Maybe his purposes are bigger than our prayer requests. Maybe, just maybe, He has a much greater plan for prayers than we can sometimes see from our foxholes. Maybe the change your praying for is happening in you because you are praying. I know that’s what usually happens to me. If I’m frustrated with a situation or want to “kill somebody,” about the only way I can come down from that wave is through prayer. I pray for God to move me past my frustration or desire to do bodily harm to someone else. And as I pray, an amazing thing happens. I begin to change: my anger dissolves, my worries are minimized, and my focus, most importantly, gets off me. My focus goes back to center and for me that’s God. Usually after that, my perspective on things begins to change. I might still be a little hot or bothered but I begin to see things from a perspective other than my own. That is a win when the ultimate prize in prayer is to be changed. Richard foster wrote:

Meditation introduces us to the inner life, fasting is an accompanying means, study transforms our minds, but it is the Discipline of prayer that brings us into the deepest and highest work of the human spirit. Prayer is the central avenue God uses to transform us. If we are unwilling to change, we will abandon prayer as a noticeable characteristic of our lives.[1]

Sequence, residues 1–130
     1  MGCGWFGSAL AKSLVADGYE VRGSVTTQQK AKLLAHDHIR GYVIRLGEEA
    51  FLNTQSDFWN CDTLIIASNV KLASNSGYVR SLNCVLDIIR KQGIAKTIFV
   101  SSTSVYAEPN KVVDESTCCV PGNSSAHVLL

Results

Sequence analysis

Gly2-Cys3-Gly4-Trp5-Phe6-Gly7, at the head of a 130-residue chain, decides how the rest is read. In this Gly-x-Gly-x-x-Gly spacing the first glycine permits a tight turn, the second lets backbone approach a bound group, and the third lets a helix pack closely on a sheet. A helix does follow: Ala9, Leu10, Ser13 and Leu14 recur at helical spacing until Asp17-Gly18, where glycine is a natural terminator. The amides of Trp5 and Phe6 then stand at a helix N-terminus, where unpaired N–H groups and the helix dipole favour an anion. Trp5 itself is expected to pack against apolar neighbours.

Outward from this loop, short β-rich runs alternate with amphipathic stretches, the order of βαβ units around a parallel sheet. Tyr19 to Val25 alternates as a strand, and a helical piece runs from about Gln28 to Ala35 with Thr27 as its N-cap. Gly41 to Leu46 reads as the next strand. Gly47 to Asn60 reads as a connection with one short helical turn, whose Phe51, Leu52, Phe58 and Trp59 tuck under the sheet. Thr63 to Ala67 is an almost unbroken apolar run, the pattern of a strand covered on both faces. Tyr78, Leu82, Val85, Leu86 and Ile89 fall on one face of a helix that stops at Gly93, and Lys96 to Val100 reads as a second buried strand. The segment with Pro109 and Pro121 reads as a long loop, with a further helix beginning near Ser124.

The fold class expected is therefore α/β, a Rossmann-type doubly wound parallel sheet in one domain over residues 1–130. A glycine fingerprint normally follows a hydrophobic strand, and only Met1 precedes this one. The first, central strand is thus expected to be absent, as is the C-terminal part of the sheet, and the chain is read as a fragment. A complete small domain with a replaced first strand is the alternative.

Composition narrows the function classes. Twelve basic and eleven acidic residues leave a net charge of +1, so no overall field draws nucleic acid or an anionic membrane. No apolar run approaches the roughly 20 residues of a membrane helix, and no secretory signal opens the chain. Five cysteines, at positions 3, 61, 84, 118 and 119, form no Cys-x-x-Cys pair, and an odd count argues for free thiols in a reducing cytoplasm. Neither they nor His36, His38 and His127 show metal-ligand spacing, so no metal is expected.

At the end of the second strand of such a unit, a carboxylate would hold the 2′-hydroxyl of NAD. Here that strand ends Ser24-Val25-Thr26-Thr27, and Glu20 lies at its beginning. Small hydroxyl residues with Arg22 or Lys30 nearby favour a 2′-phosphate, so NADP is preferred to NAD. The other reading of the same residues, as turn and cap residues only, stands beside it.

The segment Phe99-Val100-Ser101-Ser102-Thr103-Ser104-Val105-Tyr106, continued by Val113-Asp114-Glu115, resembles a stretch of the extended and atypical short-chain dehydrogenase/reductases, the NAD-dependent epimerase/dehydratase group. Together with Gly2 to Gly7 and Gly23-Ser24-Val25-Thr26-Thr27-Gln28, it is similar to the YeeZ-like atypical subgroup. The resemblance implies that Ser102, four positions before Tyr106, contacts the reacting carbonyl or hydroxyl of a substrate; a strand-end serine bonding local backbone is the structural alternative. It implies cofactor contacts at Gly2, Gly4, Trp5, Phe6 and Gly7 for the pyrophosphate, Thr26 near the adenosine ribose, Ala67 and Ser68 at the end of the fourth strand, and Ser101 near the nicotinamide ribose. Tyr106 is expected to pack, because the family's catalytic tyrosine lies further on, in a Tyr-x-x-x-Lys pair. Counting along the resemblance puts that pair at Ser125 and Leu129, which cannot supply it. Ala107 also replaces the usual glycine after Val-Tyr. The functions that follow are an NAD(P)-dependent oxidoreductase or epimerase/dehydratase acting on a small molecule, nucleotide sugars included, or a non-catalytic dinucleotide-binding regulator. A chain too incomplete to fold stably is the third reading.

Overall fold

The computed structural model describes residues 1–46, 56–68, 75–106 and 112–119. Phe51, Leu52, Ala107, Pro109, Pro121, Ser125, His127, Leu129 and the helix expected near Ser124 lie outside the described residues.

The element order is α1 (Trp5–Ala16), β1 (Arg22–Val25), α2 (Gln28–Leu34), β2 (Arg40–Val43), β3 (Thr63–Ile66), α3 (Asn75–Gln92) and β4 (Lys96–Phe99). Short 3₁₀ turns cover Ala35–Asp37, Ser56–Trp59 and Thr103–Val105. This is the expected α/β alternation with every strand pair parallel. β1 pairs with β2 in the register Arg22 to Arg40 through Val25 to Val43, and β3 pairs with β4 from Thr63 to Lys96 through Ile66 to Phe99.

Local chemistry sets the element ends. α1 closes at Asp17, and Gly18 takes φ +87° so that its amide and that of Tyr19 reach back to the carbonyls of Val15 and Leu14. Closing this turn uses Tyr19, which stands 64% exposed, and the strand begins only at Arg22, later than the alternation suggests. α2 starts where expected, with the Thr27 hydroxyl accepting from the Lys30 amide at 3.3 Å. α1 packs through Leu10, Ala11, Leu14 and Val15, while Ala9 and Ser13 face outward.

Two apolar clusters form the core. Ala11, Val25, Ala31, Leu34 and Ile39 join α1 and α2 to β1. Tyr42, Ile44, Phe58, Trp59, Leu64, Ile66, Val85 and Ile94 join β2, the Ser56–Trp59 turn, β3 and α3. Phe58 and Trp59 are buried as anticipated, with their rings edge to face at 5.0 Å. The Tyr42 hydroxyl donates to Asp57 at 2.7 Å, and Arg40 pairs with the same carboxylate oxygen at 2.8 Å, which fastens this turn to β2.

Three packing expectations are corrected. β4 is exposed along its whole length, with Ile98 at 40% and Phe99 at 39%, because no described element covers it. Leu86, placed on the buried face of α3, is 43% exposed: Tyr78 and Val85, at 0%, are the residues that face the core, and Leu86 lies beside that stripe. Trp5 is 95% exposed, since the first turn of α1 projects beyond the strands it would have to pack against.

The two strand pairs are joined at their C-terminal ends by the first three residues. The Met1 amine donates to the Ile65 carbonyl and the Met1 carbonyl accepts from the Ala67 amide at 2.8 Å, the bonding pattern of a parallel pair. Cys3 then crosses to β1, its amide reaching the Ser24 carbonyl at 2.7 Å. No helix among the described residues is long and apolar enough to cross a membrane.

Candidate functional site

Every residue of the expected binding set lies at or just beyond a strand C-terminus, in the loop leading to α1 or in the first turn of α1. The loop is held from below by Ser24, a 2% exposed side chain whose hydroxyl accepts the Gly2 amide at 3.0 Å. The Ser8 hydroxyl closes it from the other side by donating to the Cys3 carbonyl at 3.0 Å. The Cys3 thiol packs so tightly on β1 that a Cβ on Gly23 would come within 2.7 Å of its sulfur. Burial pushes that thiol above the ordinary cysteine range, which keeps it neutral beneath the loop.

“Prayer brings us into the deepest and highest work of the human spirit.” I believe this wholeheartedly. When I can’t stand to be around somebody, a situation is overwhelming, or I simply want to be at peace then that’s what I do. I pray. That’s the only endeavor that changes and builds my body, mind, and spirit to any degree. And when you don’t get the answers that you want or you get an answer that you don’t desire, don’t throw up your hands in defeat. Continue to pray. Remember, “The earnest prayer of a righteous person has great power and produces wonderful results” (James 5:16 NLT). The change will be in you and that’s the win. That’s where the magic will happen. That’s where the hope will happen. Prayer is an incredible opportunity to maximize transformation: in you!

[1] Richard Foster, Celebration of Discipline: The Path to Spiritual Growth, 20th Anniversary Ed., 50 of 325, Harper Collins e-books, 1998.